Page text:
Attendance

Attendance at an academically related activity will be monitored for each student attending Bryant & Stratton College. Students who are absent from all of their courses for more than 14 consecutive calendar days, will be automatically administratively withdrawn from the College unless the student contacts the College and is approved for an extension of this 14 day absence period, by day 20, and returns to school within 21 days of their last date of attendance. Students taking online session schedule or blended learning courses, who are withdrawn from their session-one courses, must provide the College with written notification of their intent to attend second session course(s) at the time of their withdrawal from session-one, or they will be withdrawn from their session-two courses.

At the start of the tenth week of classes the grade WF is assigned to class withdrawals and is factored into Standards of Academic Progress calculations, thereby impacting academic success and eligibility for financial aid. Please consult with an academic advisor or dean for questions pertaining to this policy.

Any student, who is withdrawn, whether officially or administratively, must have their financial aid reviewed to determine what portion of aid was earned by the student at his last date of attendance at the College. Please see the section in the catalog, Treatment of Federal Student Aid When a Student Withdraws , for additional information. Students are encouraged to discuss the consequence of their withdrawal from the College with both their Academic and Financial Services Advisors.

Graduation Requirements

Candidates for graduation must complete the following:

  • Successfully complete the required courses prescribed by their curriculum.
  • Associate’s and Bachelor’s degree graduates must maintain a minimum 2.0 cumulative grade point average. Graduates of diploma programs must maintain a 1.8 cumulative grade point average for LPN, a cumulative grade point average of 2.0 is required.
  • Complete the petition exit requirements set by the Academic, Career Services, and Business Offices.
  • Fulfill all financial obligations, including tuition, fees, and other expenses, before their degrees or diplomas are granted. Grade transcripts and grade reports are issued when all financial obligations have been met.
  • Students officially graduate from Bryant & Stratton College at the end of the semester in which they met all graduation requirements; however, formal commencement exercises are held annually.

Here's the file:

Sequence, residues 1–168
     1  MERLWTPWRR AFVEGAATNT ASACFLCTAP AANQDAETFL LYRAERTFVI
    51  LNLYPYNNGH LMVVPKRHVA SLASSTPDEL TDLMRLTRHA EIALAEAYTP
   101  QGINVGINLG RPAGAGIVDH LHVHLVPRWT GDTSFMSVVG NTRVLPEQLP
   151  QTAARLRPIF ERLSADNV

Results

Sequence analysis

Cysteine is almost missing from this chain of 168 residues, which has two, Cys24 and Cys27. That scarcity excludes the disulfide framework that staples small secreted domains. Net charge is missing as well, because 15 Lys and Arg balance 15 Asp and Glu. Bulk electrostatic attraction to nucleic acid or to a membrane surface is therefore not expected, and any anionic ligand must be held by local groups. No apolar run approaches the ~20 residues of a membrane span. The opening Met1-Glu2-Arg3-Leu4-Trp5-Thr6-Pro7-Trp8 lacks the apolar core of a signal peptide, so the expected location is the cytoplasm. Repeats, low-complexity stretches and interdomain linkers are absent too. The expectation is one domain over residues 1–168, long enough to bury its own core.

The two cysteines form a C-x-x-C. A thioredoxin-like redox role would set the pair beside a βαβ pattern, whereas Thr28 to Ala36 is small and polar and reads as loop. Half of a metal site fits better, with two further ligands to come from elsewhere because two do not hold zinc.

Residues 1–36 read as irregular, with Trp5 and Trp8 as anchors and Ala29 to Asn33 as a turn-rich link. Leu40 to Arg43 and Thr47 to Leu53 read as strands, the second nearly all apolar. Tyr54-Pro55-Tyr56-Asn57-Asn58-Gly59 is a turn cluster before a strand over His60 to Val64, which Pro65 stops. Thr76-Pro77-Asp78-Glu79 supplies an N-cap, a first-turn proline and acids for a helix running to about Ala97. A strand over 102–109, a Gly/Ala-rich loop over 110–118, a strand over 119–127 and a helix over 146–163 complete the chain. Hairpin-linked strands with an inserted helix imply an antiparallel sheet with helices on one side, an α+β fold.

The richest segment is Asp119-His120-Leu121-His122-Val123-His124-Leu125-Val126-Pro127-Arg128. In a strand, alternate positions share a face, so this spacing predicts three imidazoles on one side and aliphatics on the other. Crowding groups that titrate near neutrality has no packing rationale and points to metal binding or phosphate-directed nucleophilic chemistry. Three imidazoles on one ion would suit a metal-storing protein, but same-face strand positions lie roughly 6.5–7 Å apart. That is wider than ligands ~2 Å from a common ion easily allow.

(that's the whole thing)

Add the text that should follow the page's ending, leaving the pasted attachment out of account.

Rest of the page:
Grading System

This grading system went into effect for the May 2013 semester.


Point Value
per semester
grade credit
Percentage Grade Letter Grade Description

4.0 90-100% A Excellent-Performance of the student has been of the highest level, showing sustained excellence in meeting course requirements

3.5 85-89% B+ Very Good-Performance of the student has been very good, though not at the highest level

3.0 80-84% B Good-Performance of the student has been good, though not of the highest level

2.5 75-79% C+ Satisfactory-Performance of the student has been more than adequate, satisfactorily meeting the course requirements

2.0 70-74% C Fair-Performance of the student has been acceptable, adequately meeting the course requirements to pass and earn credit

1.5 65-69% D+ Poor-Performance of the student has been poor, however, is passing and worthy of credit
The D+ grade does not apply to AHLT, BIOL, NURS, CHEM, LPVN, OTAP, and PTAP courses.

0 64% or less F Failure-Performance of the student failed to meet course requirements therefore no credit is earned

-   W Withdrawals through academic week nine (9)

0   WF Withdrawals after the end of academic week nine (9)

-   I Incomplete

-   M Withdrawal with written notice reason of service in the uniformed services.

-   T Transfer (non-graded transfer credit or credit transferred prior to 9/2009)

-   X Credit by examination / Prior learning assessment

-   P Pass

-   NP No pass

-   Z Grade not submitted

-   S Satisfactory

-   U Unsatisfactory

Standards of Satisfactory Academic Progress

I. Introduction

All students enrolled and pursuing a program of study must maintain satisfactory academic progress (SAP) toward completion of their program in order to remain in good academic standing, to remain enrolled at Bryant & Stratton College, and to receive financial aid. To ensure compliance, all students enrolled in programs will be measured by both quantitative and qualitative criteria at specific measurement points. On the quantitative side, students must maintain an adequate pace of progression toward completion of their diploma or degree in order to remain in good academic standing. On the qualitative side, students must maintain an adequate cumulative grade point average (CGPA) in order to remain in good academic standing.

II. Changes to Satisfactory Academic Progress Standards

Bryant & Stratton College reserves the right to change its SAP standards at any time.

III. Minimum Requirements

  1. Quantitative Measurement
    The quantitative measurement factor, for all program levels, is based on a ratio of cumulative number of attempted hours to the cumulative number of successfully completed hours expressed as the minimum percentage of credits a student must successfully complete to maintain SAP compliance.

    The minimum percentage of credits a student must successfully complete is based on the federal requirement for Title IV eligibility that schools maintain progress standards that require students to complete their programs of study within a time period of not more than one and one-half (1.5) times the standard program length to be considered administratively capable to administer the programs authorized by Title IV of the Higher Education Act of 1965, as amended (Title IV).